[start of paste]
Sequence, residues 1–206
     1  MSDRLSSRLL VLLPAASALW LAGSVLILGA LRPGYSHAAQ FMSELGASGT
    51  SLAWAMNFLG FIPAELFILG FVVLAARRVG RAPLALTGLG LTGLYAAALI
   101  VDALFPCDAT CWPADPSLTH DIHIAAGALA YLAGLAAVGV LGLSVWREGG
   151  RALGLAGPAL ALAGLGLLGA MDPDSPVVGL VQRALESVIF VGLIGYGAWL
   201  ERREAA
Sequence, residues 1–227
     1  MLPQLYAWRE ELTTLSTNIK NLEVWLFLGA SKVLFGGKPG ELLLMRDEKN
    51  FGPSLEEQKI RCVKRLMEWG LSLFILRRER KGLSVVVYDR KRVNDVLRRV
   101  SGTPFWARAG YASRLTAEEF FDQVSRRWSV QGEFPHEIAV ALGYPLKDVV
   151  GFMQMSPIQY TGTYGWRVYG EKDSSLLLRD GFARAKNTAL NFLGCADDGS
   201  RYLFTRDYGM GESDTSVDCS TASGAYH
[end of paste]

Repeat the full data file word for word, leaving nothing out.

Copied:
Sequence, residues 1–206
     1  MSDRLSSRLL VLLPAASALW LAGSVLILGA LRPGYSHAAQ FMSELGASGT
    51  SLAWAMNFLG FIPAELFILG FVVLAARRVG RAPLALTGLG LTGLYAAALI
   101  VDALFPCDAT CWPADPSLTH DIHIAAGALA YLAGLAAVGV LGLSVWREGG
   151  RALGLAGPAL ALAGLGLLGA MDPDSPVVGL VQRALESVIF VGLIGYGAWL
   201  ERREAA
Sequence, residues 1–227
     1  MLPQLYAWRE ELTTLSTNIK NLEVWLFLGA SKVLFGGKPG ELLLMRDEKN
    51  FGPSLEEQKI RCVKRLMEWG LSLFILRRER KGLSVVVYDR KRVNDVLRRV
   101  SGTPFWARAG YASRLTAEEF FDQVSRRWSV QGEFPHEIAV ALGYPLKDVV
   151  GFMQMSPIQY TGTYGWRVYG EKDSSLLLRD GFARAKNTAL NFLGCADDGS
   201  RYLFTRDYGM GESDTSVDCS TASGAYH